That's what I keep trying to do, Judah. I read the CNN article a few days ago (and blogged about it). Very interesting and illuminating. In Christianity, the result of the fall is that the nature of people becomes inherently evil and we struggle all our lives to overcome this. In Judaism, the nature of man is basically good, but the result of "the primordial sin" is that we are now subject to both a good and an evil inclination within ourselves (the serpent represented evil as an external influence).

    At least that's how I understand it. This helps me comprehend how Anne Frank could say something like, "I believe that people are really good at heart".

  7. Judah, the answer is simple, let scripture interpret scripture...

    Gen 3:1 Now the serpent was more crafty than any wild animal which YHWH, Elohim, had made. He said to the woman, "Did God really say, 'You are not to eat from any tree in the garden'?"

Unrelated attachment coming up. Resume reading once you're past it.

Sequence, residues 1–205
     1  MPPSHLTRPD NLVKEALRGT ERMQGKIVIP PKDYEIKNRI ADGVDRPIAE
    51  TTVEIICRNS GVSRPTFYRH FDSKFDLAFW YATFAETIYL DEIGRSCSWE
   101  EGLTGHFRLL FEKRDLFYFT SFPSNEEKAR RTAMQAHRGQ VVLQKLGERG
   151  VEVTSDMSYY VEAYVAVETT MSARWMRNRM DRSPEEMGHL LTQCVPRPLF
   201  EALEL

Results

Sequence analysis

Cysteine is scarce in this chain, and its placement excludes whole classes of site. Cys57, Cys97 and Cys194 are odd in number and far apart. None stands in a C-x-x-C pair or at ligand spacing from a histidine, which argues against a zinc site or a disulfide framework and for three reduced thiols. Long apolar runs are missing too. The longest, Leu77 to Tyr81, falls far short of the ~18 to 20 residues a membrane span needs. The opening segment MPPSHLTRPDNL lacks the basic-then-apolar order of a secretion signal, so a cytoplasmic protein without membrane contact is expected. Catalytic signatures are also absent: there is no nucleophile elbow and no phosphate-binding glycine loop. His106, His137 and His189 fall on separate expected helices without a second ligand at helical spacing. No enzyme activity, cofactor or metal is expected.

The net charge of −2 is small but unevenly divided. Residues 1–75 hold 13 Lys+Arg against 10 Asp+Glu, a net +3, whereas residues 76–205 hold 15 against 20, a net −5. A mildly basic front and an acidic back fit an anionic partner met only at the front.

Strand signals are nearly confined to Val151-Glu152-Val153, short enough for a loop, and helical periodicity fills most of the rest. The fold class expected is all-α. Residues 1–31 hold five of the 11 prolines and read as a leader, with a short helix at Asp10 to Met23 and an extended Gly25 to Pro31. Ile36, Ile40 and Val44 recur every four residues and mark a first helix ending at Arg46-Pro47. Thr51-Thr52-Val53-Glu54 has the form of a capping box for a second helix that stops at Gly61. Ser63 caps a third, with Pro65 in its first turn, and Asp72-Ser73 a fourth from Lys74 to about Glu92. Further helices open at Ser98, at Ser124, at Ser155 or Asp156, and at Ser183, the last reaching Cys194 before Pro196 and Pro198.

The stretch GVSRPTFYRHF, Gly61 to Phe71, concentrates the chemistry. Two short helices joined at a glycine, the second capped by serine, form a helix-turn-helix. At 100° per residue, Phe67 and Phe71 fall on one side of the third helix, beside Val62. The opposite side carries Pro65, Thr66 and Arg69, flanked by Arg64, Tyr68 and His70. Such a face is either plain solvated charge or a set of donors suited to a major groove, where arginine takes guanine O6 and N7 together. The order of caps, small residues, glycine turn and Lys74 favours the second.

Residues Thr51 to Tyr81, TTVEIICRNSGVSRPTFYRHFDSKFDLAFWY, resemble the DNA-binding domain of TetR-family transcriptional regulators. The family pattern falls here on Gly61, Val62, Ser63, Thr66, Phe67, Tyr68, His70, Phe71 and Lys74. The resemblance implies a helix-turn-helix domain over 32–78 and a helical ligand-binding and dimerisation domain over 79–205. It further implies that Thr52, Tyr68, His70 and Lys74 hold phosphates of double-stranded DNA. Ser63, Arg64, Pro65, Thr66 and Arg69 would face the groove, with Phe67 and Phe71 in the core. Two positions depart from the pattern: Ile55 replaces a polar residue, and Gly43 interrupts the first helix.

Rev 12:9 The great dragon was thrown out, that ancient serpent, also known as the Devil and Satan [the Adversary], the deceiver of the whole world. He was hurled down to the earth, and his angels were hurled down with him.

    Rev 20:2 He seized the dragon, that ancient serpent, who is the Devil and Satan [the Adversary], and chained him up for a thousand years.

  8. Excellent.

    You're right: Revelation explicitly labels "the ancient serpent" as Satan.

    Assuming "the ancient serpent" is referring to the serpent in the Garden -- a reasonable assumption -- this means the New Testament confirms that the serpent in the Garden was Satan.

    I think this answers the question. And it shows the CNN article to imply something that's false. Nice!

  9. Got an answer back from Jewish Life & Learning, in which he cites midrashim and the Talmud to support the idea that Satan was in the Garden:


    "The snake in the garden of Eden is identified as the personification of the "Yetzerh Harah" (Bad/evil will/desires/inclination) by the midrashim.